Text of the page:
That’s it. It just does. If Instagram wants to be where we capture and share our most treasured moments, it needs to help us protect them. The easiest way to do this is offer the option to turn on two-factor authentication or some similar security feature. Let users add a phone number, and when they successfully log in with their password, text a temporary code they must then enter to gain access.
At 400 million active users, this is sorely overdue. Instagram’s users skew young and 75 percent of them live outside the United States. Many might not be savvy enough to pick a strong password, know not to tell anyone, or be able to avoid phishing scams. They’re at risk.
Facebook launched its version of two-factor called Login Approvals over four years ago, before it even acquired Instagram. Obviously there are challenges to making an Instagram security system easy enough to use that people don’t accidentally lock themselves out, but the app is over five years old now.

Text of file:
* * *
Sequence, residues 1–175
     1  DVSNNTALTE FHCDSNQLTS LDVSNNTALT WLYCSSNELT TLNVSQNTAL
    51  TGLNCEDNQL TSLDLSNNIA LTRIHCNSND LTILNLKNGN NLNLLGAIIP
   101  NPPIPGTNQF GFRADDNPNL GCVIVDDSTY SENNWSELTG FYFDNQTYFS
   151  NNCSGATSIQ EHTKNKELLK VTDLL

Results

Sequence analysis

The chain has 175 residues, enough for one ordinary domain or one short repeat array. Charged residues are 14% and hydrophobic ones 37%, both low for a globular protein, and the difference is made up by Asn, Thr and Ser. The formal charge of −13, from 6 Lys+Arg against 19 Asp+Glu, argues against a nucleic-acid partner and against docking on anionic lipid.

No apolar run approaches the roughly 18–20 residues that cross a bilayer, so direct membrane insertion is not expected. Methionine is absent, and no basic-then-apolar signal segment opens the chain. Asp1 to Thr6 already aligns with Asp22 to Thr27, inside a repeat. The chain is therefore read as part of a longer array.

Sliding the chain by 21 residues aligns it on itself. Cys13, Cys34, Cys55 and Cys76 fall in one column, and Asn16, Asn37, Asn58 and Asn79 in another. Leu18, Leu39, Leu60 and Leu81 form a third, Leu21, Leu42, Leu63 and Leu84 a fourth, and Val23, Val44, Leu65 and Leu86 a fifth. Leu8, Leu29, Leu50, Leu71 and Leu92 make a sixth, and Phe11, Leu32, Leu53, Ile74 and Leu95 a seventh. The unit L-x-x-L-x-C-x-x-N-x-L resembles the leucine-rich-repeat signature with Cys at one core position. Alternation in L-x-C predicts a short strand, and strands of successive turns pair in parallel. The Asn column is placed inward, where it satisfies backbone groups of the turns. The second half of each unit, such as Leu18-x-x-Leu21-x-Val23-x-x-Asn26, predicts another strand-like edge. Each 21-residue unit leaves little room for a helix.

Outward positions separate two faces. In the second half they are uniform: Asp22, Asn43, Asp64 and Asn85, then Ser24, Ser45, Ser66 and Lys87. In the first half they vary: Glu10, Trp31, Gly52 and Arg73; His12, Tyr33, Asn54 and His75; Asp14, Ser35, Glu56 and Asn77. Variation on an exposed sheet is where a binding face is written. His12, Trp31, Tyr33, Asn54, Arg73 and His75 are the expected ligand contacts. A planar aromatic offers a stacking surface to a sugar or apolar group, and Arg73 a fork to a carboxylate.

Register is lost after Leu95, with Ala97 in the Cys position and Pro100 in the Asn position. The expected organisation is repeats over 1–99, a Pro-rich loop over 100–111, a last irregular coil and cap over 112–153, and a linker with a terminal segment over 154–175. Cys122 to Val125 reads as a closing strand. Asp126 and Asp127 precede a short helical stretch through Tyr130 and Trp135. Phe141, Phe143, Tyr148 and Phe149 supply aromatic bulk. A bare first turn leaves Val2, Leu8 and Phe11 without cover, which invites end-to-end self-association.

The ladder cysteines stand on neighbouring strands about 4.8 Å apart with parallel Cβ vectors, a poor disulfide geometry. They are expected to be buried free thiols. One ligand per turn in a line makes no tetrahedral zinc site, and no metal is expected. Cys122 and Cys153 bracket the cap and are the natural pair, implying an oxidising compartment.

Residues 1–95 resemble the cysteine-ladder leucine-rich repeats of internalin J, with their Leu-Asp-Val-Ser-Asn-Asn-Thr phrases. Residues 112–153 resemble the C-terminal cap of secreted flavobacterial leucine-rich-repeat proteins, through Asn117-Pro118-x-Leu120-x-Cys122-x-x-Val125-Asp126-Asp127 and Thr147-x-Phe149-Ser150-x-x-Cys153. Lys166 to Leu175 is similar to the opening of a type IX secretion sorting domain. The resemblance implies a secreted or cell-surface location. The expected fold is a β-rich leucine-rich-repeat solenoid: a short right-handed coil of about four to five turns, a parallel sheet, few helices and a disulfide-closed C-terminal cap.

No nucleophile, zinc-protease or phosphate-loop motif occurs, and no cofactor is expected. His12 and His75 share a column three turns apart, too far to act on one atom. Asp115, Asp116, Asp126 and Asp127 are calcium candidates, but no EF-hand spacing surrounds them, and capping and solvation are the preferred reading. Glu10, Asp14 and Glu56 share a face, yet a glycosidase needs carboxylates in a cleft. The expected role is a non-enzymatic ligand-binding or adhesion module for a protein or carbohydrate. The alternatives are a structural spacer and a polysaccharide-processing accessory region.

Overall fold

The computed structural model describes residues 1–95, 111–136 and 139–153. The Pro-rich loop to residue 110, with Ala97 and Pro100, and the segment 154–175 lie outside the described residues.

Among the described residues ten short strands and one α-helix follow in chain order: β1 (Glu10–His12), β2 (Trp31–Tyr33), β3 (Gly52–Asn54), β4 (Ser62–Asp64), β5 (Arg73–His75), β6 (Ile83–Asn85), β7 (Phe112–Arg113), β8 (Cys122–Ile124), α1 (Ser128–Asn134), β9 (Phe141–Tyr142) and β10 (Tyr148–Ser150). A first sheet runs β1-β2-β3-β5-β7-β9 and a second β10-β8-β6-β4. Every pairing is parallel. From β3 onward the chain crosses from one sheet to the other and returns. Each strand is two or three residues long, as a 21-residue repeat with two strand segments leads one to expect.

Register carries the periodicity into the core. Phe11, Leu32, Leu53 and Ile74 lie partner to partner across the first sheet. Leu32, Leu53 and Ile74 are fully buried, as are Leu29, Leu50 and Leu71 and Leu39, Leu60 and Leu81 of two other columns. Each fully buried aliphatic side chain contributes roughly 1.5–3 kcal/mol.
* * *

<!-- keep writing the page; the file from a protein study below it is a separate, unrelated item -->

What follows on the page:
Instagram recently moved to clean up its platform and ban sketchy apps using its APIs, yet the two-factor hole hasn’t been plugged. When asked, Instagram did not provide a comment.
This weekend I met an Instagram star named Rachel Ryle who does amazing stop-motion animation. She told me at one point her account was hacked, and the attackers deleted a bunch of her work and scared away 35,000 of her followers with spam. The hack lost her a sponsorship gig that would have paid a bunch of money. She could have been protected by two-factor authentication.
Luckily, since Rachel is so popular that Instagram worked with her to restore her account and content. But most users who get hacked aren’t so fortunate as to get special attention, and they’re stuck suffering the damages. This month hundreds of thousands of users had their passwords stolen by an unofficial app called InstAgent. They could have been protected by two-factor authentication.
Instagram isn’t just some app anymore. It’s one of the largest repositories of memories in the world, a platform for creators to turn their art into a profession, and a basic communication utility. The home for our photos and videos deserves another lock on the door.